In Go Down Moses, which followed Absalom by some six years, Faulkner got down even more basically to cases, though always within the discipline of storytelling. Many readers who know little else of Faulkner's fiction have encountered his oft-anthologized tale, "The Bear," a novella-length hunting story that forms part of the larger novel. Most readers are at once enthralled by its narrative power and stymied by its cryptic examination of certain McCaslin family business ledgers: an anguished process that leads the sons of old Carothers McCaslin to assume his crude sexual exploitation of female slaves. These records reveal a tale of miscegenation and incest, and it is so repellent to the old man's heirs that they renounce much of their inheritance, ceding the big house to their servants and retiring to a cabin in the woods. But Faulkner can rarely resist a touch of comedy, and we learn that while the slaves have been deeded the big house they are locked inside at night. Or are they? The front door is ritually locked, but the back door apparently remains unlocked.
Go Down Moses draws its theme from the old spiritual:
Go down, Moses,
Down to Egypt-land
Tell ol' Pharaoh
Let my people go.
It is also a tale of exodus from bondage. We find in this book of linked stories all of those "reticular. . .tensions" of which Winthrop Jordan speaks; and we may ultimately come to regard this book as Faulkner's definitive testament on the American dilemma. And lest the point be missed, the theme of Absalom is once again explicitly recapitulated in the title story, "Go Down, Moses," with which the novel ends. At all times, the blindness of most white people to the suffering they unconsciously impose upon black people is driven home in scalding dramatic terms, never preachy but never gentle, either. By 1942, years before the nation came to that view officially, Faulkner had seen that the second emancipation of black people had become a moral imperative—had been, in fact, all along.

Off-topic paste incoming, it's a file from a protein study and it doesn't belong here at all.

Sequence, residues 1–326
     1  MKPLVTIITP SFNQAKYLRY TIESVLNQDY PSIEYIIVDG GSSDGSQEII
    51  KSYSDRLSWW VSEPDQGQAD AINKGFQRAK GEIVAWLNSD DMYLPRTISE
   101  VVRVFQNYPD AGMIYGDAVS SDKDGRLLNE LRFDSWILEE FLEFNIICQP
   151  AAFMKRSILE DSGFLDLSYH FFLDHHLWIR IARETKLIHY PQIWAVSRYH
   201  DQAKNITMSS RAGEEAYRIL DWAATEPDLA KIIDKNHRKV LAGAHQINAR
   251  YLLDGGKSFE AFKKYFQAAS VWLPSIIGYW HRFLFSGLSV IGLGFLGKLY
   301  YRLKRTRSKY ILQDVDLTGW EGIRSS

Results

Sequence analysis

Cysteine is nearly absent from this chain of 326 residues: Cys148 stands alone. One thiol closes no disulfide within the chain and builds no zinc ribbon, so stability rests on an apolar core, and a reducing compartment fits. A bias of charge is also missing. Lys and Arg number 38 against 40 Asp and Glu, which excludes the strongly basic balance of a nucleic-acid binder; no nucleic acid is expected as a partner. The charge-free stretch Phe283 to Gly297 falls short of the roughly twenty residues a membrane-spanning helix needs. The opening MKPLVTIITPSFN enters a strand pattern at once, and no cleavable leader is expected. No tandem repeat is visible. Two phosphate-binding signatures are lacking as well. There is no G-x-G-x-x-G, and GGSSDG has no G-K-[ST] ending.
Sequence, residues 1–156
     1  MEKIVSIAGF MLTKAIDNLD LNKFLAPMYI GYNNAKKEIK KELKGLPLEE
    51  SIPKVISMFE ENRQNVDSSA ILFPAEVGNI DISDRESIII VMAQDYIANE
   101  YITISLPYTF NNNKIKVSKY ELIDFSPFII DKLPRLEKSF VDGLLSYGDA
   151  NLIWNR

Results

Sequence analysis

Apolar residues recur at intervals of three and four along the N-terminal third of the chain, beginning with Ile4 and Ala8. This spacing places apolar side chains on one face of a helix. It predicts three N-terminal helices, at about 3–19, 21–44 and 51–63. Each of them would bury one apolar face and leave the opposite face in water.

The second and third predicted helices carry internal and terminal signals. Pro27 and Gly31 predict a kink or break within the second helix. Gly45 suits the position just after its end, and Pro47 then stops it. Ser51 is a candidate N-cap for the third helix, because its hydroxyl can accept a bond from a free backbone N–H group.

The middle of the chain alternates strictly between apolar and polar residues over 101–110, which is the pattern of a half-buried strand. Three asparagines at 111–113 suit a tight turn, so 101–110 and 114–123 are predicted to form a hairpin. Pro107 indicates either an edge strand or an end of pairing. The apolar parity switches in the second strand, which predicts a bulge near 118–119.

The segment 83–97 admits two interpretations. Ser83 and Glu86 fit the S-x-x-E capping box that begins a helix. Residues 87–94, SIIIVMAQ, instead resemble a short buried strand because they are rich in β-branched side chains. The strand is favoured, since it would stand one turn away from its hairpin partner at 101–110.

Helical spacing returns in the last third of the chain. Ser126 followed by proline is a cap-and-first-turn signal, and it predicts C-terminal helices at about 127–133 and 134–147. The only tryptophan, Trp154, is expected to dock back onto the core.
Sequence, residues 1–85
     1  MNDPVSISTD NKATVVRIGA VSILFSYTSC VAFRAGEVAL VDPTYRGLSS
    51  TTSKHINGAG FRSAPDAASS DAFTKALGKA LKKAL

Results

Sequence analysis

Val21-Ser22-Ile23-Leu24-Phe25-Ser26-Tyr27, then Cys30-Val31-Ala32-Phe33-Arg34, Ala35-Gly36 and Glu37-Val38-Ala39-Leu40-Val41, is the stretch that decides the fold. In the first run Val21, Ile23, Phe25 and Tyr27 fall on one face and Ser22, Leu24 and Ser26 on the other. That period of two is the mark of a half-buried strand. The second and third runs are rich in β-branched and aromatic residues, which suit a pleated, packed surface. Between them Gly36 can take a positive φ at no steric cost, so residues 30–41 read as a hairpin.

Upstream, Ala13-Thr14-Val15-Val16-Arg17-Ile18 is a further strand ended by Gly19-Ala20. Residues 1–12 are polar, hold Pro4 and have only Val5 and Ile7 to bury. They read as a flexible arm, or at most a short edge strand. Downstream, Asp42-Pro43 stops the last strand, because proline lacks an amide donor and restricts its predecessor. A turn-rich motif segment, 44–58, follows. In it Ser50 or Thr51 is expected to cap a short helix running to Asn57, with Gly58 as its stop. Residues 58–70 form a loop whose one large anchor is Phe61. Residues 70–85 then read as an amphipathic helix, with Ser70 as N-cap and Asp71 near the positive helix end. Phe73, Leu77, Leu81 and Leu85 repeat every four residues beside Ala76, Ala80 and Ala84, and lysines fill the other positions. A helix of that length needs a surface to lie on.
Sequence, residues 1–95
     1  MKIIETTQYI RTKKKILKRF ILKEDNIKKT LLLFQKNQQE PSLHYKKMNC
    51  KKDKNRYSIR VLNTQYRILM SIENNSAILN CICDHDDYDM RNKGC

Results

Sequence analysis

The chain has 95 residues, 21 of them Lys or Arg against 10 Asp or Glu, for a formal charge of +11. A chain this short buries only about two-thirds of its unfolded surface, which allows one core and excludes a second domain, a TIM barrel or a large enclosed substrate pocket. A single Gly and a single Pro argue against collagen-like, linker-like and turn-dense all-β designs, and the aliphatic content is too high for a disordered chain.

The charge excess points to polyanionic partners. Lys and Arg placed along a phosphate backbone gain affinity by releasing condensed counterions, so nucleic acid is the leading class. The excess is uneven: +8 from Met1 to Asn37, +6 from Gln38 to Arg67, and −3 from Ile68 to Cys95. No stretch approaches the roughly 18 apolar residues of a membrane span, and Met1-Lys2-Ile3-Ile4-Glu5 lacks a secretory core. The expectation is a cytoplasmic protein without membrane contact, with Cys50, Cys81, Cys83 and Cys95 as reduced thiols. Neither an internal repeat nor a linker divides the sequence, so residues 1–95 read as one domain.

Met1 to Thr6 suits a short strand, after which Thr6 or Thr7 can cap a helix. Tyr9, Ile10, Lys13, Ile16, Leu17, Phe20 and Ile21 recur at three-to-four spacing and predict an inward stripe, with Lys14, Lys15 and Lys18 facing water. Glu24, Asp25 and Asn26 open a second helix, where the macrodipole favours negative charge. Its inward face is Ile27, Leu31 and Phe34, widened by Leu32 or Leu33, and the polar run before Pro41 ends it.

But what, after all, does "saying" all this in fictional terms mean? In the great crises of human life, merely saying anything can be a snare, the snare Faulkner occasionally found himself caught in when he yielded to the temptation to stray from his workbench and mount the soapbox. Small wonder that the world's folk wisdom is replete with warnings against the treachery of what is merely said—preached, proclaimed, prophesied; for it is a human foible to be, on sensitive matters, what the French call bien pensant—right thinking, in the declamatory or moralizing mode. In no sensitive area is dishonest right-thinking a greater or more constant temptation than in matters of race. Faulkner did not live to see the era of racial correctness, as we might call it, where solemn posturing so often passes for candor and where the term "racism" is in danger of being trivialized by promiscuous application. Fortunately, he observed in his fiction the artist's duty to subdue proclamation to the world of picture, drama, and act: the personal realm in which existential choices are made. It is the artist's task to indicate, through and only through the actions and choices his characters take, what is and isn't congruent with moral duty as his vision would have it. Faulkner was parabolic; he spoke in parables in which we see ourselves as in a mirror.
Was he then false to the vision of his novels when he gave occasional voice to eccentric and transitory opinions about race and the "color line," some noble, some farsighted, some silly, some disturbing? Fortunately, we neither need to know nor can know, for his art speaks for him. Many an unwary critic, by no means the dullest or least distinguished, has assumed that one or another character in this or that story of novel "speaks" for Faulkner. Even the often astute Edmund Wilson thought that the grandiloquent lawyer, Gavin Stevens, in Intruder in the Dust, was a mouthpiece for the author. That seems unlikely, but who knows?
Faulkner was a ventriloquist who could throw his voice in many mocking ways. Perhaps the best we can do in his centennial year is to ignore the punditry and follow where the tales lead, attempting to see what they intimate about vital choices. We do not celebrate this great storyteller, or any other, for his opinions, after all. We celebrate him for the world he created. And what a world it is.